As we entered the hut, we were greeted by about two dozen weary but jubilant trekkers. Natsuko, an English speaker with whom I had booked the hut earlier, grinned brightly. There was one foreigner and the rest Japanese. We warmed up at a small fire place. The hut was basic but adequate. The atmosphere was cosy and jovial. One trekker called out to me to come into the cold and windy exterior. I braved the elements and witnessed the auspicious “Kage Fuji”, the shadow of Fuji reflected onto the swirling grey clouds. Throughout the accent, there were rarely any views of the lakes and towns at the base of Fuji as the clouds descended. After a simple hot meal, we collapsed into our sleeping bags in a long double bunk room, with a capacity of 300, for a deserved rest and reflection.
I did not get much sleep as doors slammed and voices chattered in the lounge. We were up at past midnight. We dressed up in our thermal underwear, layers of shirts, pants and fleece. In the lounge, the other trekkers were already having their breakfast. I topped up my water bottle with boiled water at ¥1000 per litre. We had sushi and a hot bowl of miso soup. I staggered around neither asleep nor fully awake. Lee Cheng had second thoughts of continuing. As this hut was shutting down today, her options of staying indoors’ vanished. Alternatively, is to wait outside the hut in the bitter cold and wind with no shelter or to descend. She pulled herself and decided to trek to the summit. Our final apparels were waterproof jacket and pants, and hiking boots. When the door opened, the icy cold air hit my face. I pulled my gloves tightly and adjusted my headlamps. It was pitch dark and bitterly cold.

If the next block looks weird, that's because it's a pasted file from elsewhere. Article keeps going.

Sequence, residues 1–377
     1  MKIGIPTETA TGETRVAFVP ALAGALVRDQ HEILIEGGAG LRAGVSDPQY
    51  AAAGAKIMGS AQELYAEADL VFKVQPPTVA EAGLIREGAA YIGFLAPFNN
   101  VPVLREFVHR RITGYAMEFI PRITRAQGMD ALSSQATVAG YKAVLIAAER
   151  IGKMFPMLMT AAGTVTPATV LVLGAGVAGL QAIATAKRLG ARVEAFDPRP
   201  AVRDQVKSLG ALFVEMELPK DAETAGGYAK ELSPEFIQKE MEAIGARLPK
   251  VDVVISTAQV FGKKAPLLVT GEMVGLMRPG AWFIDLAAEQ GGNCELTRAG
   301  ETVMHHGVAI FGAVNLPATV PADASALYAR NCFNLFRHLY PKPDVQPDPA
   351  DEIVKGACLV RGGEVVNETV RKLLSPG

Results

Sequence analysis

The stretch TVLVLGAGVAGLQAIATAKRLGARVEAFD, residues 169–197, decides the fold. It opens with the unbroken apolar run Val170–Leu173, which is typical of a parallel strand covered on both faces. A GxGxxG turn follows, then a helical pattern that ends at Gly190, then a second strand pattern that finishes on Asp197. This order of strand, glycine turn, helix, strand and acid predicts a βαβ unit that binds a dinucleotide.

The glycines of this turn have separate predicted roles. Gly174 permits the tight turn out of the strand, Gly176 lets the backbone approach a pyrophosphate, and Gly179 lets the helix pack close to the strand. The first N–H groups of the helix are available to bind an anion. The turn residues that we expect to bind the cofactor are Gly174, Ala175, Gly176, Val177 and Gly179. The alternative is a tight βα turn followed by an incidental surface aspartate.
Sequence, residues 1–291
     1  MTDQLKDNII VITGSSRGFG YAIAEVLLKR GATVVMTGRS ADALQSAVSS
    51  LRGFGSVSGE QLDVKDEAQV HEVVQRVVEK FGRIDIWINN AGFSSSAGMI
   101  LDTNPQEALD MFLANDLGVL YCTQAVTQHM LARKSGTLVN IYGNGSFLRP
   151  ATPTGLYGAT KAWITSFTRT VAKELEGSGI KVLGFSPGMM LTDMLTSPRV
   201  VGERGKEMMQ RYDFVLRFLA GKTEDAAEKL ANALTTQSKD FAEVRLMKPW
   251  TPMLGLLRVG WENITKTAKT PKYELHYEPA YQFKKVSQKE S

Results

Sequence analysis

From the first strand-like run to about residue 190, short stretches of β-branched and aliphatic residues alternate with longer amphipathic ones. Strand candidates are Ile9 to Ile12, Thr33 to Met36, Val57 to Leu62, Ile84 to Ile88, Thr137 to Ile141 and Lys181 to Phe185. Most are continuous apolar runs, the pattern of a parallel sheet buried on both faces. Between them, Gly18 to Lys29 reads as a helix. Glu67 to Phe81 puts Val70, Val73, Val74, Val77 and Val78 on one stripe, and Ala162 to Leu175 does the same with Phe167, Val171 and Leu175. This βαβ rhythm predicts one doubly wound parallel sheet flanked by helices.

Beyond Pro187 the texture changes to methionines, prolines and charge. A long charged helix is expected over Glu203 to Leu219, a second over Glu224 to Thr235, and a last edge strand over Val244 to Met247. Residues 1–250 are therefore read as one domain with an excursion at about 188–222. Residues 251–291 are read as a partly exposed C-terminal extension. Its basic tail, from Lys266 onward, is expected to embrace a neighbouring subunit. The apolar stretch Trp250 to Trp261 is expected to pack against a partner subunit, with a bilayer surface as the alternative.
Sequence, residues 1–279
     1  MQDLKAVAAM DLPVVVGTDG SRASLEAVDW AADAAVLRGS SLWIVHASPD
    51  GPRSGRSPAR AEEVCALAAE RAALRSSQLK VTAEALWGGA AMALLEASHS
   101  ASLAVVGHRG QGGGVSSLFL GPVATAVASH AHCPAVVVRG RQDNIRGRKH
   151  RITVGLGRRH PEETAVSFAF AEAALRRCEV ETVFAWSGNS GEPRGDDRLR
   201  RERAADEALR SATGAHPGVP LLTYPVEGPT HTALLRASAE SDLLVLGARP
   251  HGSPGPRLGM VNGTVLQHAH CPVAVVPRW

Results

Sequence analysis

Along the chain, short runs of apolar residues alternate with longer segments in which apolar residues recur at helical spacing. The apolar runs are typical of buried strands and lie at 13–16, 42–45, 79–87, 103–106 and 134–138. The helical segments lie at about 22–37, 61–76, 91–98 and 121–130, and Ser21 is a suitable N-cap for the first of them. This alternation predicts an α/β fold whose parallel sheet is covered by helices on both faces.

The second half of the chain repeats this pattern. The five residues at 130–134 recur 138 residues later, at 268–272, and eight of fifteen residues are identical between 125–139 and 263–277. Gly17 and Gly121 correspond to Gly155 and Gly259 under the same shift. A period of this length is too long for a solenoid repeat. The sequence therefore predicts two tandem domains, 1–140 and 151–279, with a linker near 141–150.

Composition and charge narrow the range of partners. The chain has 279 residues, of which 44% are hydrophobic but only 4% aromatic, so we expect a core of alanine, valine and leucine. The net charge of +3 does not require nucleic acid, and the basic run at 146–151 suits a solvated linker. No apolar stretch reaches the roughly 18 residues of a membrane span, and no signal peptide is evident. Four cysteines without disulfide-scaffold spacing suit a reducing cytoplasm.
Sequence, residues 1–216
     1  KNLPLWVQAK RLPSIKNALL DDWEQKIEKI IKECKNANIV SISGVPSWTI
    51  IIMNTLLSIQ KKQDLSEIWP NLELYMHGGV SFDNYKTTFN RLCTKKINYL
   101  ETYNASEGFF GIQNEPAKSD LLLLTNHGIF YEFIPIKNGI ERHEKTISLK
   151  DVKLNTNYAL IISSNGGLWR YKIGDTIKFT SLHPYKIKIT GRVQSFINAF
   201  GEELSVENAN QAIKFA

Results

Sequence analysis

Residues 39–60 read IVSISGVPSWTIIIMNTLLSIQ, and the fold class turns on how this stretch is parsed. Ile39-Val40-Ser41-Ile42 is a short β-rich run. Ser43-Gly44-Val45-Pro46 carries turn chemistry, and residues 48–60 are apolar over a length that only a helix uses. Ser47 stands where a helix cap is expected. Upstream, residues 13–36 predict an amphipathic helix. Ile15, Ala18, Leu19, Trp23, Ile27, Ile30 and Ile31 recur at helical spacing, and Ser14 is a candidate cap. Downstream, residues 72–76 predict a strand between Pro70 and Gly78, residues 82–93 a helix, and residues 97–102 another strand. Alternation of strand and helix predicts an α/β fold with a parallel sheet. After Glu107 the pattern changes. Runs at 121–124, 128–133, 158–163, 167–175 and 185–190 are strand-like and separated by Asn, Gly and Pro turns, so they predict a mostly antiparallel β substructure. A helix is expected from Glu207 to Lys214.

We started around 1.45am. Guided only by our headlamps, we walked on the steep terrain. It was slippery and footing at times unsteady. I could see scattered light trails up the mountain slope. We navigated the volcanic rocks, some sharp like razors, and negotiated large boulders. Breathlessness became frequent. Sometimes walking upright was not an option where the climb was steep and required us to be on all fours. Chains anchored to the rock were the only means to move forward. However, it was slippery and terribly icy. I was tired but breathing well. My fingers were especially cold. We passed a few huts, made from metal and wood. All tightly held down and locked. There is not even a shelter from the howling wind. Besides the closed mountain huts, rescue personnel, facilities and transportation, also does not exist. Self- preparedness for an off- season climb is paramount.
Walking slowly with frequent rest enabled us to acclimatise to the increasing altitude. We reached a red “torii” at 9th Station. Physically we felt good but the elements, wind and bitter cold, was a challenge. It seemed like it has taken us awhile to get here. Navindd had been strong throughout.
“Our lights shone onto the ground, and in these beams, I could nearly see the icy wind” – Navindd